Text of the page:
Roman Britain

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Julius Caesar invaded Britain in 55-54 BC and changed the British landscape forever. In Latin, the Roman word for Britain was “Britannia.”

For a while, the British were kept content with gifts and were allowed to keep their own power. This all changed under Emperor Claudius. Emperor Claudius got stricter and wanted more control, so he carried out a full invasion on Britain in AD 43. This invasion ended the rule of Britain by a people called the Celts. Romans really wanted Britain’s supply of precious metals.

The Romans let the Celts keep their own laws so many Celts were happy to let Romans rule. However, some did want to fight. One of these was the mighty Queen Boudica of the Iceni tribe. She burnt down London (Londinium) and Colchester. Boudica had 200,000 warriors but the Romans were expert fighters. The Romans won and continued to rule.

Queen Boudica

The Roman way of life

Over time, even poor farmers in the remote countryside were affected by the Roman way of life. Roman ways of dressing and Roman goods could be found all over the country. Romans built villas, towns and roads and spread their languages and culture around the country.

Roman legacy

The Romans left their mark on the British landscape. Many road networks you can see now across the country started off as long, straight, Roman roads. The Romans created a network across the country that covered 2000 miles.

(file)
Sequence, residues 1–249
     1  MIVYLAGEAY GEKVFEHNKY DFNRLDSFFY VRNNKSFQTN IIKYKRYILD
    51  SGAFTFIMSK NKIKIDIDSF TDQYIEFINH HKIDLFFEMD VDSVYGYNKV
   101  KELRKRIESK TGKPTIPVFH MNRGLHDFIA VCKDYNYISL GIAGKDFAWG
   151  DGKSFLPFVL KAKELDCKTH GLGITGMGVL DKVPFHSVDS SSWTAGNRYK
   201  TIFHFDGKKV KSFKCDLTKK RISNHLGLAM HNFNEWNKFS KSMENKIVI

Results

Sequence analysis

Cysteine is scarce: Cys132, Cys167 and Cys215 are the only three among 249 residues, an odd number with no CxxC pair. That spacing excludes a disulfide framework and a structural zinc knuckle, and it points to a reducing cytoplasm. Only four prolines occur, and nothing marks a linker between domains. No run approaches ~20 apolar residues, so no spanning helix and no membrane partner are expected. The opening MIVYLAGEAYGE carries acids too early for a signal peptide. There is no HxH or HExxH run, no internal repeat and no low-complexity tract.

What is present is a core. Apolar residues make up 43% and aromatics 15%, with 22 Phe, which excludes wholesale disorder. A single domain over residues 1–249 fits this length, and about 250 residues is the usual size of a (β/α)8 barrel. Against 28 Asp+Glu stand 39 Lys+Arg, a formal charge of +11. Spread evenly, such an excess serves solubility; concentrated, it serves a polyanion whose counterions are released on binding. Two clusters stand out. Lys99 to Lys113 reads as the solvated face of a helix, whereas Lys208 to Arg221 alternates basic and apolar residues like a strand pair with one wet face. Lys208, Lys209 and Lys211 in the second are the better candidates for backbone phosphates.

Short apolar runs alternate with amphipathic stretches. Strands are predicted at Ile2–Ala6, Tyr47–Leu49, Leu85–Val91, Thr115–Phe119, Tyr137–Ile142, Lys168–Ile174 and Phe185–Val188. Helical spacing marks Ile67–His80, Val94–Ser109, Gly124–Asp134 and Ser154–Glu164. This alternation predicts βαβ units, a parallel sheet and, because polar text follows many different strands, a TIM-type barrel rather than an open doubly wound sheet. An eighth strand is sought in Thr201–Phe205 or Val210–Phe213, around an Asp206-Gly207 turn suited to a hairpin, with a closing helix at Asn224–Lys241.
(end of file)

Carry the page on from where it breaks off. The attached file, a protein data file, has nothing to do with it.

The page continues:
The Romans knew that creating straight pathways meant they could transport goods more easily and that their soldiers could march to and from places more quickly. The Romans even built pathways over mountains in Wales to get where they were going in the most direct way.

There are many remains of Roman Britain, like giant aqueducts. These were impressive structures, like bridges, but they carry water over a gap (for example, a valley). The Romans were the first to invent these structures and many of them were copied during the industrial revolution.

Roman Aqueducts

The Romans built giant towns with villas and bathhouses. They also built Hadrian’s wall in Scotland to keep out the threats from up north.

Roman towns

Some Roman towns in Britain still remain. Chester in the north of England still has Roman ruins. Bath, in the south of England, now takes its name from the impressive baths that were built in Roman times.

Wroxeter, called Viroconium Cornoviorum, is now just a small village with Roman ruins. But it was once the fourth largest town in Roman Britain. Historians and archaeologists have estimated that it once had a population of 15,000. It was in a very good place for trade, just in between England and Wales.

Hadrian’s wall

The Romans leave

When Rome became Christian under Constantine, Britain also had to become Christian. Rome did not just leave Britain overnight. It took a while and it happened at different times for different parts of the country.

In the north and west, Magnus Maximus withdrew in 383 AD. However, coins dating from beyond 383 have been found along Hadrian’s wall. This suggests that many Roman legionaries stayed behind for some time.

In the 4th Century, the Saxons, Picts and the Scoti of Ireland had been raiding and invading Britain. The Roman troops did not have support from Rome. Also, the threat of attacks from the Vandals or Visigoths from Europe created challenges for defending Britain.

With no help, between 409 and 410 AD, the remaining Romans eventually left Britain for good.

Ancient Rome

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